SATURDAY PUZZLE — It is always such a pleasure to solve a Robyn Weintraub puzzle, but rarely do I get to do her commentary. This is only her second Saturday grid, and it’s possible that omniscient Deb times her vacations to maximize her Weintraub columns. (Speaking of, shout out to Deb for taking my last two weekends; she is a benevolent goddess.)

I freely confess that if I had to decide whether today’s solve would come on a Friday or a Saturday I’d be unable. But what does it really matter? Either way, this was a clean, silky smooth puzzle with enough misdirection to challenge me as I knocked the rust off my vacation pen (I had to edit my first four entries, thank you very much), and plenty of the very dry, but gentle, wit and subtle self-references that make Ms. Weintraub’s cluing so distinctive.

My hunch here, continuing in the Friday vs. Saturday vein, is that the same fill word that would be clearly clued at the beginning of the week gets a vaguer treatment on Friday, and a downright devious indicator the next day. My example here would be MEME, post-2010 (this entry was clued as “Same, in French,” or some variation thereof, going back to the ’50s). On a Monday, you might see “bit of viral web content”; on a Friday, “Repeatedly reposted item.” Today we had “One gets shared a lot,” which instantly struck me as “germ,” which was hard to shake off as the puzzle filled in.

I also had “river” incorrectly at the beginning of STEAMBOATS, “dog” for LOP, and “tase” for LASE, all in the early stages of solving, but everything eventually got sorted. The clues for ITEM, DJS, CLUE, EGG and others really sang; AVIATOR and GARBAGE BAG made me giggle.

20A: I had “creed” here for the longest time, on the off chance that such a usage, sort of an abbreviated “decreed,” might exist. “Proclaimed” can be CRIED in the town crier sense of the word, and it makes LEVIS at 6D work.

43A: I got stuck on looking for an alternative to “ranch” dressing that fit in four letters, and came to this only once all the crosses filled in, when I definitely face-palmed at not knowing CAPE house. City dwellers aren’t exposed to many single dwellings, but this house style (originating in Cape Cod) seems to be pretty much what any of us would draw (as a child, or as a city dweller) when asked to visualize a “house.”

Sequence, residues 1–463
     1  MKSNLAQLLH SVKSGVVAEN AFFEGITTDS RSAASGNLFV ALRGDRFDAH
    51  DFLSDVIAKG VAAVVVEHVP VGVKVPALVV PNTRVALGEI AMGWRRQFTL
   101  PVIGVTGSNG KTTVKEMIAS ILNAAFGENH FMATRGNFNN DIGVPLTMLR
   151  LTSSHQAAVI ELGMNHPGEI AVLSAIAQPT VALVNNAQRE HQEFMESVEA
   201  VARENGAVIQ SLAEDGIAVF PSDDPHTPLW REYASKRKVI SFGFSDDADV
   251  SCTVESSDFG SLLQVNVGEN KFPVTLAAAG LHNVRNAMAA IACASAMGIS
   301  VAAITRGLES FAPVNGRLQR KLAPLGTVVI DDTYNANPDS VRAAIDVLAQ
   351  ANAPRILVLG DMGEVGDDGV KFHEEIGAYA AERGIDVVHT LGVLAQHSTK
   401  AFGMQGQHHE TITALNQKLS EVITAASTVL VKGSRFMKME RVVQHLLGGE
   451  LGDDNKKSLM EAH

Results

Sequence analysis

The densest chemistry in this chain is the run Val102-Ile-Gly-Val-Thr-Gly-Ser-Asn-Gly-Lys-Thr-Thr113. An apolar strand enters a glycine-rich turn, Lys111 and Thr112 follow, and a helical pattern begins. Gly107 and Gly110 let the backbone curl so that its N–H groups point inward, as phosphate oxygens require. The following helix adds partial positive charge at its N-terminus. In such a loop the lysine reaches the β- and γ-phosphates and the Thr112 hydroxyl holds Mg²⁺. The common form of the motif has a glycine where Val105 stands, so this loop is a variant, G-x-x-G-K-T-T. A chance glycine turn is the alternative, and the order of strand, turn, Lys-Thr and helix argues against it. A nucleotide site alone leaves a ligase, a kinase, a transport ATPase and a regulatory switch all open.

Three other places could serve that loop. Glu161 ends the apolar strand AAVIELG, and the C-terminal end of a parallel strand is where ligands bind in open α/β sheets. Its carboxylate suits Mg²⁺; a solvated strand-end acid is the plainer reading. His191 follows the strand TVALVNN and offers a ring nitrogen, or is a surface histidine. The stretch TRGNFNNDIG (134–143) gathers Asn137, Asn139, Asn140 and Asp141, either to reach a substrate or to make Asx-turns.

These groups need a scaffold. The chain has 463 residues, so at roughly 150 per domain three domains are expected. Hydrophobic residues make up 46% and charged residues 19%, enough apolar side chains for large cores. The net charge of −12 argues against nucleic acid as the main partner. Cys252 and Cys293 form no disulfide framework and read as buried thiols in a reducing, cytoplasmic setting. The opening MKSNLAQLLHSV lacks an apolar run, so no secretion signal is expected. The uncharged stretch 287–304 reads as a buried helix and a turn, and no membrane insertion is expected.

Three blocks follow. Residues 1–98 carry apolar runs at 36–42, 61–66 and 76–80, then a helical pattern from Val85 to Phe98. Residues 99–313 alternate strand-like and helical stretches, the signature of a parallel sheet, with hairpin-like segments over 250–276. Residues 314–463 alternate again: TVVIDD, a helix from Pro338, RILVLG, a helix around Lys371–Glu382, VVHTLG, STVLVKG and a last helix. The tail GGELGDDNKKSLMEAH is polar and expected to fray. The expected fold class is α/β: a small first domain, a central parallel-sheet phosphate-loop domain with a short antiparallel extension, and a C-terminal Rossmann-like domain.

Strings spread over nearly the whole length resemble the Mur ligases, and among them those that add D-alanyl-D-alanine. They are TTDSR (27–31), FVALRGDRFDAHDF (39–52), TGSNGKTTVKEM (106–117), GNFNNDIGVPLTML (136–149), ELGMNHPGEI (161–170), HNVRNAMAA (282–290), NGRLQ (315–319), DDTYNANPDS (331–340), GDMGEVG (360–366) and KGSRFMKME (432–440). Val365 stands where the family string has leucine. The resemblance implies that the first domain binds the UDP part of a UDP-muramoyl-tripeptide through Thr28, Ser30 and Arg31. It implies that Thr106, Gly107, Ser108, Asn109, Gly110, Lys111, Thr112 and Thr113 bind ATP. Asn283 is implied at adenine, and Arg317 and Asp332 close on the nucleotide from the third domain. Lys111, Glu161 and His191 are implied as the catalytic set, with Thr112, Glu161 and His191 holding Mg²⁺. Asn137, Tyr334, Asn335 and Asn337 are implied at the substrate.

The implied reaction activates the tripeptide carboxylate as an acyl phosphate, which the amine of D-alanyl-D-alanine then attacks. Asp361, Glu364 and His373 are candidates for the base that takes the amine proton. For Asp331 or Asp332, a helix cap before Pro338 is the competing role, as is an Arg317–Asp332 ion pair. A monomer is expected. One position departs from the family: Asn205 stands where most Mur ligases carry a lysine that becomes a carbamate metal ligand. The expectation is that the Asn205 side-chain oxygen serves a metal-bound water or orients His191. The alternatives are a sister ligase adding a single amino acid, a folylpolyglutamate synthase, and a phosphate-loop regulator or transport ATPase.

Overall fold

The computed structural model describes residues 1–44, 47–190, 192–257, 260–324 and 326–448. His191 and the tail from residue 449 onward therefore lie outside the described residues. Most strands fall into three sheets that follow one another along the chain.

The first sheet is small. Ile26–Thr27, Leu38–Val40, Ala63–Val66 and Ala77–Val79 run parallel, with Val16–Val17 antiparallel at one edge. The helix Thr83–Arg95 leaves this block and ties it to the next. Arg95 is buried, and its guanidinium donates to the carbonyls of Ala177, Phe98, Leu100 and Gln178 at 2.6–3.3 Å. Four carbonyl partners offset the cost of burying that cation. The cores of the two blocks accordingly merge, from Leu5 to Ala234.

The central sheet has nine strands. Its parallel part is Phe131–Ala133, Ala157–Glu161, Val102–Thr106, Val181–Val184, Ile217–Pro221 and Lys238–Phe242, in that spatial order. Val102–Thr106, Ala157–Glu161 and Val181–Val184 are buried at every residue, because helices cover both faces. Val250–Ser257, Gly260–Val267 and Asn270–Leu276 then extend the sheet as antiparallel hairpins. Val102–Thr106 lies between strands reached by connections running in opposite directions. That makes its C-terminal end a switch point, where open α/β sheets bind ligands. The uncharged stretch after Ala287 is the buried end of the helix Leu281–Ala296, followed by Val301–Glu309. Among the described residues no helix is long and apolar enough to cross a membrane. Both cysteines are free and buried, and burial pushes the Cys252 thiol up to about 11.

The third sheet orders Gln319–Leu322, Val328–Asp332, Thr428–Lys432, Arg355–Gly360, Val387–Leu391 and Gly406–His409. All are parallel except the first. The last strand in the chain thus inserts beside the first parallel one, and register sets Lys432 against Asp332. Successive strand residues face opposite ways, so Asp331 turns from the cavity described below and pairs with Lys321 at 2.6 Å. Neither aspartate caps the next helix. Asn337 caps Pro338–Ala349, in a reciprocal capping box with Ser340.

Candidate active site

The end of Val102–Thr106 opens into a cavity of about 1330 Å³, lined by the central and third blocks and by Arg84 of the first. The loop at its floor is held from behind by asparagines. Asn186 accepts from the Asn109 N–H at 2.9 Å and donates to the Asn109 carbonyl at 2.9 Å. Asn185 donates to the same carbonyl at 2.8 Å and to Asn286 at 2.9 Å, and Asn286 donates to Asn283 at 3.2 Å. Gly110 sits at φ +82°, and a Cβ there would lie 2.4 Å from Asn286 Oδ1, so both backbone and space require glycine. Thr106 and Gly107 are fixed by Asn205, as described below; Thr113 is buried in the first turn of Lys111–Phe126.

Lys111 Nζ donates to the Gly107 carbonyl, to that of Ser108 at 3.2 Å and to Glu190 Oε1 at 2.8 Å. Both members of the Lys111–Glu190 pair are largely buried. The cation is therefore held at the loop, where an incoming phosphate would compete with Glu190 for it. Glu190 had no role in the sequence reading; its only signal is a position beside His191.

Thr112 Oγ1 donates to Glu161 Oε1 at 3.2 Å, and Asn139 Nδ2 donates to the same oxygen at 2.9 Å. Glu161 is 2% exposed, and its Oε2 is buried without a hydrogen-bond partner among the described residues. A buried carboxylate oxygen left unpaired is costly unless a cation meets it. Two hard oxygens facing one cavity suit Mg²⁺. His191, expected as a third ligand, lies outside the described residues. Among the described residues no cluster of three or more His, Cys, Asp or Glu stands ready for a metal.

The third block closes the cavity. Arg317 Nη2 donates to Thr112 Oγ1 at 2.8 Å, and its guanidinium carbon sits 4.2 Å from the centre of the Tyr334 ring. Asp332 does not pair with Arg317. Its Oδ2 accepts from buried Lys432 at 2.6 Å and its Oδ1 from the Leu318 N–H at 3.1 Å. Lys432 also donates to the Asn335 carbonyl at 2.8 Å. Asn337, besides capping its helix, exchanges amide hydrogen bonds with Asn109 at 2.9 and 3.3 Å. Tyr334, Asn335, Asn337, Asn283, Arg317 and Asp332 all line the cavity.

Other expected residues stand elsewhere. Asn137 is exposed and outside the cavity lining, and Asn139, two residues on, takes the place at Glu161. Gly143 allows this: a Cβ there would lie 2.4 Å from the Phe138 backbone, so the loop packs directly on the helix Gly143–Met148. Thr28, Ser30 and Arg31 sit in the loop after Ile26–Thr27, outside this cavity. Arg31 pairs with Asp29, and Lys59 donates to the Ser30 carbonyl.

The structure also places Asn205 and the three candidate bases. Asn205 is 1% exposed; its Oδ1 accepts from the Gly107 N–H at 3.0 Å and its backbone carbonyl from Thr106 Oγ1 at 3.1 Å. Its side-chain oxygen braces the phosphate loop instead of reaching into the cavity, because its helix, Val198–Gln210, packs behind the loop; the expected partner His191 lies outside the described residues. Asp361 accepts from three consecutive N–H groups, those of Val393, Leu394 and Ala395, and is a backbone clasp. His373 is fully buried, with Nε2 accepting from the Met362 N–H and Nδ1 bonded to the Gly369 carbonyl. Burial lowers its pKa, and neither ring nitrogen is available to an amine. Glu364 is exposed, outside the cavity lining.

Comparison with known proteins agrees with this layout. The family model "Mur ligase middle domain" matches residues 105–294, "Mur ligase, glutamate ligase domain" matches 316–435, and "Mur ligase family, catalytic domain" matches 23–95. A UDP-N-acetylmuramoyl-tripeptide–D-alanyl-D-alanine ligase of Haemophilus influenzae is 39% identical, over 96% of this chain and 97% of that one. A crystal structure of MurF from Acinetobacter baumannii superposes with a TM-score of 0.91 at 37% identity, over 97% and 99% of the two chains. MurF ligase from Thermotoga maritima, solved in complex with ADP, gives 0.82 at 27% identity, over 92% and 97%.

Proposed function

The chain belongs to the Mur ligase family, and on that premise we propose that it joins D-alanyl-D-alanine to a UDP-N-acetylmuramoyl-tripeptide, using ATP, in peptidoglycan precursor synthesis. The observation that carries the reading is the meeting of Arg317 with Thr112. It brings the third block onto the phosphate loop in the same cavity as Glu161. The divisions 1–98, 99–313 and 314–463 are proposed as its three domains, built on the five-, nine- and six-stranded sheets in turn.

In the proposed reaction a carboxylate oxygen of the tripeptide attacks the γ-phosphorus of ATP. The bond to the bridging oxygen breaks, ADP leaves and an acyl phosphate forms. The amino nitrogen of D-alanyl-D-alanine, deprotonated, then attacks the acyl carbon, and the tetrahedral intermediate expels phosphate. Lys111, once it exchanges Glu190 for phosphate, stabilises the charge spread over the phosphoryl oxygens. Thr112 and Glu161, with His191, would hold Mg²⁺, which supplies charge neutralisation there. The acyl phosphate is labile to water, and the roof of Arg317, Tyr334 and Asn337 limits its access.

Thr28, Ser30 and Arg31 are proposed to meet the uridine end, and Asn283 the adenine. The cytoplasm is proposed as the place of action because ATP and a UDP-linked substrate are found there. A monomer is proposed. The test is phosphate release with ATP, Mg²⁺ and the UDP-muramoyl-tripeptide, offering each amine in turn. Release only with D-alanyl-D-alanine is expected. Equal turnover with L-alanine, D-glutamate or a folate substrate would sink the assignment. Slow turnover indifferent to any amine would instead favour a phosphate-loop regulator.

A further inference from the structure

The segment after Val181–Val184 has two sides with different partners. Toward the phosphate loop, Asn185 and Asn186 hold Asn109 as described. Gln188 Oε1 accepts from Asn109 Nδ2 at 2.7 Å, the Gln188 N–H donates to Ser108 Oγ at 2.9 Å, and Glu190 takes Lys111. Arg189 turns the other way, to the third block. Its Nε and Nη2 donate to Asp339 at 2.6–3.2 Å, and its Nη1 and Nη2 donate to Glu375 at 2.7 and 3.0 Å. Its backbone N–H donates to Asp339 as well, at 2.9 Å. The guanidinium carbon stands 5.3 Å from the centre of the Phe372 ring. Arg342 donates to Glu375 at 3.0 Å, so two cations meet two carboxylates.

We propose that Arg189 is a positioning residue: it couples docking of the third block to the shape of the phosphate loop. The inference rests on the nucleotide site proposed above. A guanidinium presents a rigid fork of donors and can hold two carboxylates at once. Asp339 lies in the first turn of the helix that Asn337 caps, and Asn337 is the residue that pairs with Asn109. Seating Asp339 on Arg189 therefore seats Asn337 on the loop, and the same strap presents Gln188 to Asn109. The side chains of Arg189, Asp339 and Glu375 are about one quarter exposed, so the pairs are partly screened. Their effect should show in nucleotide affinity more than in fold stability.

55A: The proximity of this clue to OLD at 57A might have contributed to me misinterpreting “senior” here — although I instantly thought of this story about an 88-year-old triathlete that I had seen earlier this year (she’s still racing, as far as I know).

I was far afield though, in this case, as Ms. Weintraub just meant high school seniors, who (I guess) aren’t supposed to go to JUNIOR PROM. I don’t remember these things, honestly.

1D: Just to note the endearing crossing of TGIF and ITS A LIVING, which is, surprisingly, a debut. There was almost another today, AMAIN with ALEE, but they missed by a couple of rows.

12D: I suppose including the year in this clue should have tipped me off to PENCE here; I’d never heard of this book (and I’m not the instant history type, as far as my reading preferences). Everyone wants to look prescient — we’ll see.

21D: Funny coincidence: This entry made its debut last week as a theme answer in a terrific Monday grid, clued straightforwardly to refer to “The Wizard of Oz,” which was made into a movie almost 80 years ago. Today we have a winky, misleading reference to 15A, ITEM. “Pair that clicked in film,” in this case, is RUBY SLIPPERS.

47D: We often get clues that contrast Roman gods with their Greek counterparts; Sol is the sun god, the Roman form of Helios, who didn’t fit. Instead of Roman and Greek, we needed to think of night and day and use LUNA, the Roman moon goddess.

This puzzle originally featured DOUBLE DIPS instead of DOUBLE WIDE. I was sorry to lose DOUBLE DIPS, which I found considerably more entertaining, but it was accompanied by a corner of less than stellar fill: TSE, ESME, SIETE, DPI. I traded those in for DOUBLE WIDE and a far better corner overall.

Recently I’ve had a few grids sent back with the request to revisit a corner or two due to a few meh entries. I’ve been told that the bar continues to be raised on accepted puzzles, which is a great thing for solvers — and forces me to become a stronger constructor in the process. It’s also made me get far more aggressive about removing junk from my word list. But with each Roman numeral or obscure government agency acronym that I delete, I can’t help but wonder if that’s the bit of unsightly glue that could someday hold together a 54 word masterpiece. Or, more realistically, yet still lamentably elusive … a perfectly nice Sunday puzzle.

Happy almost New Year. May you find solutions to all your puzzles in 2019 (crosswords or otherwise).

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